Mortdecai – Review

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It’s reached a stage in the career of Johnny Depp where the bad is starting to outweigh the good. He’s almost become a victim of his own original innovation, having since been manufactured into this cliched, whimsical character actor that turns up in cliched, whimsical films. The latest of which, is David Koepp’s farce, Mortdecai.

Depp plays the eponymous protagonist – an eccentric, unorthodox millionaire with an inclination for trouble. With a debt mounting, he realises he may have to part with several of his most prized possessions to keep a roof over the head of himself and wife, Johanna (Gwyneth Paltrow). However it’s a prized possession that belongs to somebody else which happens to catch his eye – a stolen painting rumoured to have a secret code that leads to Nazi gold. Detective Martland (Ewan McGregor) wants Mortdecai, and his loyal henchman Jock (Paul Bettany) to use their inside knowledge in the world of stolen art to help track down the thief, and perhaps work off a few of those debts.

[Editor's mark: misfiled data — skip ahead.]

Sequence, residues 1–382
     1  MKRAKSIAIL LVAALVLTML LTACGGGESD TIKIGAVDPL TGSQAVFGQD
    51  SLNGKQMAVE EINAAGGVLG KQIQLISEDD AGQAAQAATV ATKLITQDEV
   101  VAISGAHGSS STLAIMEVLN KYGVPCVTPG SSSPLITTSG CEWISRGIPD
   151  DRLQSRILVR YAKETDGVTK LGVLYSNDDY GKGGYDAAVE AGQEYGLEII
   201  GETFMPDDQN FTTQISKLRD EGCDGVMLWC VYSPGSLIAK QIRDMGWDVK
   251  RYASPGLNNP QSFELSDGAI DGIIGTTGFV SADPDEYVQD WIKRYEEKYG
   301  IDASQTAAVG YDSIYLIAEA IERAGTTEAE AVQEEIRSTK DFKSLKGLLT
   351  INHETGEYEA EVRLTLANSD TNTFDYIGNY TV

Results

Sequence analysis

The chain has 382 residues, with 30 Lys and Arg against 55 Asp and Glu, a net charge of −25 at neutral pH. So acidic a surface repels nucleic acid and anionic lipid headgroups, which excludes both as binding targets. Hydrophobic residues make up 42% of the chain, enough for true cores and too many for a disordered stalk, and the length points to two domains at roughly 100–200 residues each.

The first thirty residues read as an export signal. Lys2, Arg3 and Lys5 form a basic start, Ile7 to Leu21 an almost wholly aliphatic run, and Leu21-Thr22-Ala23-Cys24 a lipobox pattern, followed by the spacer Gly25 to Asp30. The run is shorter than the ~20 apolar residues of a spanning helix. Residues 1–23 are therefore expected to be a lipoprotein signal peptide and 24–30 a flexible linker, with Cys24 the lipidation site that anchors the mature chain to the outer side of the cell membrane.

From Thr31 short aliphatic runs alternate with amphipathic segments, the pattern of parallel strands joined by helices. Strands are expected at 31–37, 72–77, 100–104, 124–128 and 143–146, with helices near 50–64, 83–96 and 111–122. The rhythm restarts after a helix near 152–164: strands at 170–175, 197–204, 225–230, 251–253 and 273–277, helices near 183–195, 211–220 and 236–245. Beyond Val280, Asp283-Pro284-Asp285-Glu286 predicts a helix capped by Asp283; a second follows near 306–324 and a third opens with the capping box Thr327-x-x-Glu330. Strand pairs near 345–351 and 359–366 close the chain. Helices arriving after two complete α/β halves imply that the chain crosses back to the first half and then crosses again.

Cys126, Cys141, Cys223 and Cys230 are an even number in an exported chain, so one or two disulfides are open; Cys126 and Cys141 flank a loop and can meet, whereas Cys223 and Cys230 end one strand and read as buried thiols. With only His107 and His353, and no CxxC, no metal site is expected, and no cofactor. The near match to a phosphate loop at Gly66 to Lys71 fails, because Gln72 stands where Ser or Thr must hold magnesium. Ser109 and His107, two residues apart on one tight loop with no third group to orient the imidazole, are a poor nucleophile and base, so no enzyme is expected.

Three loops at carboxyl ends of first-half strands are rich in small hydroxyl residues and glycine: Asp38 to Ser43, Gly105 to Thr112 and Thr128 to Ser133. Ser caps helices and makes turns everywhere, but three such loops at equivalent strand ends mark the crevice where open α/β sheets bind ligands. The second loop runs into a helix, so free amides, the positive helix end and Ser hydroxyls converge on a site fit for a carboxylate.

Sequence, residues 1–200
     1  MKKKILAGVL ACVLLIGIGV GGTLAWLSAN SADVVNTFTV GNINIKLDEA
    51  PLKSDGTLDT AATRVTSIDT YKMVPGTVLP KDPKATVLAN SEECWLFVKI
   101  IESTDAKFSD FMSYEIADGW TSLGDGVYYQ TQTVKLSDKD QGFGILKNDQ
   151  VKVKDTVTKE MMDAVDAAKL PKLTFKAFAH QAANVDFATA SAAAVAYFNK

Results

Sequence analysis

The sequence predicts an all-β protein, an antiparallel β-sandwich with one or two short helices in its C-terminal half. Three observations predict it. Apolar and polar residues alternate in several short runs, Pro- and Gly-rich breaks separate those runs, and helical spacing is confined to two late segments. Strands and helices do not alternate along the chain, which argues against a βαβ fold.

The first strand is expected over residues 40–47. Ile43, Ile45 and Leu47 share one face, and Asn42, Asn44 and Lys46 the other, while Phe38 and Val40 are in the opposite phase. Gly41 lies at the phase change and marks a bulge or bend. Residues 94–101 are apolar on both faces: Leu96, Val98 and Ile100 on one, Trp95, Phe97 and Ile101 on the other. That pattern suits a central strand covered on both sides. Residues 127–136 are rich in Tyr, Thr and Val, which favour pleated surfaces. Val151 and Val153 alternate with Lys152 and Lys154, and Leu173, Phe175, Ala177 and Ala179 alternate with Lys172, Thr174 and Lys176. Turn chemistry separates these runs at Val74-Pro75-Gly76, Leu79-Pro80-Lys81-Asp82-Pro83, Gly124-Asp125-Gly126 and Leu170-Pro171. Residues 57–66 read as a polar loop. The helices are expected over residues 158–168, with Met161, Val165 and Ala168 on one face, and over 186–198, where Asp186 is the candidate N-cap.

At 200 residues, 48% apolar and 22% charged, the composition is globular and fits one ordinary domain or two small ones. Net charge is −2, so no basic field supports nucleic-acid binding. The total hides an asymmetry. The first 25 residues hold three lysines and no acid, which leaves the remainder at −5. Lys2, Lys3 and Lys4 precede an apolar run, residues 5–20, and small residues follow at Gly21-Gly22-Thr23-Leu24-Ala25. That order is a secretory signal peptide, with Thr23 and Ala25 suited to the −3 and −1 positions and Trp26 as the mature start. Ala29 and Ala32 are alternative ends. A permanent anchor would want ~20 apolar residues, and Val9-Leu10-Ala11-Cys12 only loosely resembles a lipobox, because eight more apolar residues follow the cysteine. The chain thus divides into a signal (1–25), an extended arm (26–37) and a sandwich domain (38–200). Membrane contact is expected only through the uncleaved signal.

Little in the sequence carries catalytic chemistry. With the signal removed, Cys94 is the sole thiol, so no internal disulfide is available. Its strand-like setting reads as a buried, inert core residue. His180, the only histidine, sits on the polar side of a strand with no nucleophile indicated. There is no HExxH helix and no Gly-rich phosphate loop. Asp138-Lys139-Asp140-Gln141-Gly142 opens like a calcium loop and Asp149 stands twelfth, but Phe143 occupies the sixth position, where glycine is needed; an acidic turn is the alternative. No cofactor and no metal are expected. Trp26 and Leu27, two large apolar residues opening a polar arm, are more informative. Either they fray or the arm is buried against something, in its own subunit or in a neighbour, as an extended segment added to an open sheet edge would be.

From the school of Wes Anderson, this piece is regrettably as contrived and unbearably kooky as that threatens to imply. However in films such as The Royal Tenanbaums there’s a charm; some heart beneath the surface; an emotionality that enriches the narrative – but not here. The characters are shallow, and we’re lacking any sense of creativity, with a narrative structure seen countless times before and a premise not too far removed from that of the Colin Firth-starring Gambit – another forgettable farce focusing in on valuable stolen art. There are a small handful of funny sequences however, and Depp’s admiration for his own moustache provides the majority of the humour, though, and let’s be honest, there’s a limit to how funny facial hair can be.

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Mortdecai fails to compel and engross its audience but remains an undemanding, frivolous piece of cinema that will certainly pass the time. The problem is, there used to be a time when you’d bank on any film starring Johnny Depp to be more than just that.

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About Stefan Pape

Stefan Pape is a film critic and interviewer who spends most of his time in dark rooms, sipping on filter coffee and becoming perilously embroiled in the lives of others. He adores the work of Billy Wilder and Woody Allen, and won’t have a bad word said against Paul Giamatti.

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